Dual action of SPIONS in effective removal of heavy metals and mosquito larvae from water.

Student of Sathyabama Institute of Science and Technology, Chennai, Roshini S. M., Karthika M.and Lavanya Agnes Angalene J. won the award for a Dual action of SPIONS in effective removal of heavy metals and mosquito larvae from water. They carried their project work under the guidance of Dr. Antony V Samrot.

Water is vital for all known forms of life. Due to industrialization and improper effluent disposal, the natural water bodies in many parts of our country are alarmingly contaminated with heavy metals like Cd, Cr, Cu, Ni, As, Pb and Zn which are well known for their toxic impact to environment and human health. In the case of mosquitoes, it is reported that the presence of heavy metals enhances the breeding potency thus supporting the outbreak of various life-threatening diseases like malaria, chikungunya, yellow fever and dengue. Here with the support of Nanotechnology, a commercially available larvicide is used to eradicate the mosquito larvae as well as effectively remove the heavy metals from its breeding platform, water. Super Paramagnetic Iron Oxide Nanoparticles (SPIONs) are employed as the core carrier molecules which are nanoformulated to achieve the dual action.

Chemically synthesized SPIONs are surface modified and tagged with a commercially available larvicide, further encapsulation was performed using a biopolymer. The biopolymer encapsulation of the tagged-SPIONs helped the nanoformulation to accomplish stability and also offer biocompatibility. The biopolymer and SPIONs help in the heavy metal removal and eventually the tagged larvicide exhibit its lethal action against the target, mosquito larvae. Since SPIONs are magnetic nanoparticles, the application of magnetic field eases the removal of both SPIONs incorporated dead larvae and the targeted heavy metal after treatment. This action not only minimizes the release of larvicide in water but also removes the targeted heavy metals and mosquito larvae, thus making the water favourable for use. The ultimate goal of this innovation is to design a unit in association with conventional water treatment filters to bring out the aforementioned dual action and ensure the supply of heavy metal free and larvae free water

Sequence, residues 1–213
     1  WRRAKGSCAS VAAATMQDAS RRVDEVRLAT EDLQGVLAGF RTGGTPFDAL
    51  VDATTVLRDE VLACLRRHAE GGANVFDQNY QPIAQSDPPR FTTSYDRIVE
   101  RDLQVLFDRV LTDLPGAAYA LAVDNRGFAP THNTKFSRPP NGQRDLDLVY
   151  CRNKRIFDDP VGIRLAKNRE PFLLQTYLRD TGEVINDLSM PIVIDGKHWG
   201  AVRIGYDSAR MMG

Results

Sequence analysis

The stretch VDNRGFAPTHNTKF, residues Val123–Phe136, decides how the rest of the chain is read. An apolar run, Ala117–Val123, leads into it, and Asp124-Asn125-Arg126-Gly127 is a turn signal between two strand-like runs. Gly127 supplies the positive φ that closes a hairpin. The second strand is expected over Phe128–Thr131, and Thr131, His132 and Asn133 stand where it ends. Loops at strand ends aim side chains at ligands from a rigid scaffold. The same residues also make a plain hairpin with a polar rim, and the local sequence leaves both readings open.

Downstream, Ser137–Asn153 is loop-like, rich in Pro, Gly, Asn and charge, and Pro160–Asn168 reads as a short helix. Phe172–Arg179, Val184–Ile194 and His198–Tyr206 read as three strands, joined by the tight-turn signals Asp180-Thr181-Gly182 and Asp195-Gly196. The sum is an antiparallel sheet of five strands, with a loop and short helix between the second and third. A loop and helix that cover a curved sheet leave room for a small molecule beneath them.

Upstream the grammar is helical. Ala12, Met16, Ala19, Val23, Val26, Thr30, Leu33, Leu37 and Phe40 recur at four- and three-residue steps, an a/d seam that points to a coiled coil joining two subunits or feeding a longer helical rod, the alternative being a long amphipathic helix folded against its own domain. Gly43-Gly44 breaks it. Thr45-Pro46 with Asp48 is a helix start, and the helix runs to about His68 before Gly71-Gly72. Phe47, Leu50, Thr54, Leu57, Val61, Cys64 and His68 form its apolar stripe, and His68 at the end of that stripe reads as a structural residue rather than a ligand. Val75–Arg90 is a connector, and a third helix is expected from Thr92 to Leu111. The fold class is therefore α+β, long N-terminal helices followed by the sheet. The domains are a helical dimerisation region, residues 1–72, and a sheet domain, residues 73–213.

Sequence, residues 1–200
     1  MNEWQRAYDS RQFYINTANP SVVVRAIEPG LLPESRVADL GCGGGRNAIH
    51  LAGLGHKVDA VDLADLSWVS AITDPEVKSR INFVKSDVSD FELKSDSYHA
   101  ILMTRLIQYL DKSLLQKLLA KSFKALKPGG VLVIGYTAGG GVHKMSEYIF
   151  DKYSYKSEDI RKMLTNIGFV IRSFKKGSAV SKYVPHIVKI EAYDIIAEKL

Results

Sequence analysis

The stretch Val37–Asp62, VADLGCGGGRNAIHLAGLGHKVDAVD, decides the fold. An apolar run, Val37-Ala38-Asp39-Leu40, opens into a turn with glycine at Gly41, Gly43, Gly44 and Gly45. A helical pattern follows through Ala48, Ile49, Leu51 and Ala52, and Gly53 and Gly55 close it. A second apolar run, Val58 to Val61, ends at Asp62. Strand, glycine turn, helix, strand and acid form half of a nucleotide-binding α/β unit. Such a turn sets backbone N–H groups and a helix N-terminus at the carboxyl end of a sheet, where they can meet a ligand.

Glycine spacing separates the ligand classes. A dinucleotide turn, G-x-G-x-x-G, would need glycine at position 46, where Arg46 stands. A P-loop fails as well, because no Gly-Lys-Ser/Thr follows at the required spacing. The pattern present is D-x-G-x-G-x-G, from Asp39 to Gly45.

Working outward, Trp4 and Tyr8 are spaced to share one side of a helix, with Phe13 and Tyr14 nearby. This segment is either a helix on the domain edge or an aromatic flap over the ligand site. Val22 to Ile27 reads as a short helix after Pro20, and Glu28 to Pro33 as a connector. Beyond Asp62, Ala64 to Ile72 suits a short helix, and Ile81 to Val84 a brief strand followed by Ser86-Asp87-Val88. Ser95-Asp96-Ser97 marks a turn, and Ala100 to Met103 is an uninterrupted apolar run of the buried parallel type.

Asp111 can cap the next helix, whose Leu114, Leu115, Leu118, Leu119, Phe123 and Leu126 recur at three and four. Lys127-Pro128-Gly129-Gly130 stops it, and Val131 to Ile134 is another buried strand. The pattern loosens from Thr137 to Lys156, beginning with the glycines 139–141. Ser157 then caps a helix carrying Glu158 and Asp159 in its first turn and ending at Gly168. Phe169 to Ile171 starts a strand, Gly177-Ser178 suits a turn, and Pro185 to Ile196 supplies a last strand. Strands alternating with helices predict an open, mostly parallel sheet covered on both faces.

The Hon’ble Vice President of India, Shri M. Venkaiah Naidu awarded the Gandhian Young Technological Innovation (GYTI) Award to Roshini S. M., Karthika M. and Lavanya Agnes Angalene J. Sathyabama Institute of Science and Technology, Chennai at the GYTI 2019 Awards function held at Vigyan Bhawan, New Delhi on July 06, 2019.

Non-catalytic deep desulfurization process using hydrodynamic cavitation

Student of CSIR-National Chemical Laboratory, Pune (CIR-NCL), Nalinee B. Suryawanshi won the award for a non-catalytic deep desulfurization process using hydrodynamic cavitation. They carried their project work under the guidance of Dr Vinay M. Bhandari.

Deep desulphurization of various organics, in general, and transportation fuels, in particular, is a demanding operation, especially from pollution point of view. In this work, a green approach is undertaken for desulfurization of fuels or organics without the use of catalyst or external chemicals/reagents/oxidizing agent using a simple methodology of hydrodynamic cavitation. The process involves pre-programmed mixing of the organic and aqueous phases and can be carried out using simple mechanical cavitating devices such as vortex diode (patented by our group) and orifice. Three organic solvents (n-octane, toluene and n-octanol) containing a known amount of a model sulphur compound (thiophene) up to initial concentrations of 500 ppm were used to verify the proposed method. Very high removal of sulfur content to the extent of 100% was demonstrated. The results were also verified and substantiated using commercial diesel as a solvent. The nature of the organic phase and the ratio of aqueous to organic phase were found to be the most important process parameters.

The developed process has great potential for deep desulfurization of various organics, in general, and for transportation fuels, in particular. The estimated operating cost of  desulfurization using hydrodynamic cavitation is far lower than the present refinery hydrodesulphurization process and adsorptive desulfurization process. The aqueous phase used in the proposed method can be recycled after removing a purge stream (with corresponding make-up water). The process offers many advantages, most importantly ease of operation and mild operating conditions for effective sulphur removal. The proposed method can be effectively implemented for large scale deep desulphurization operations.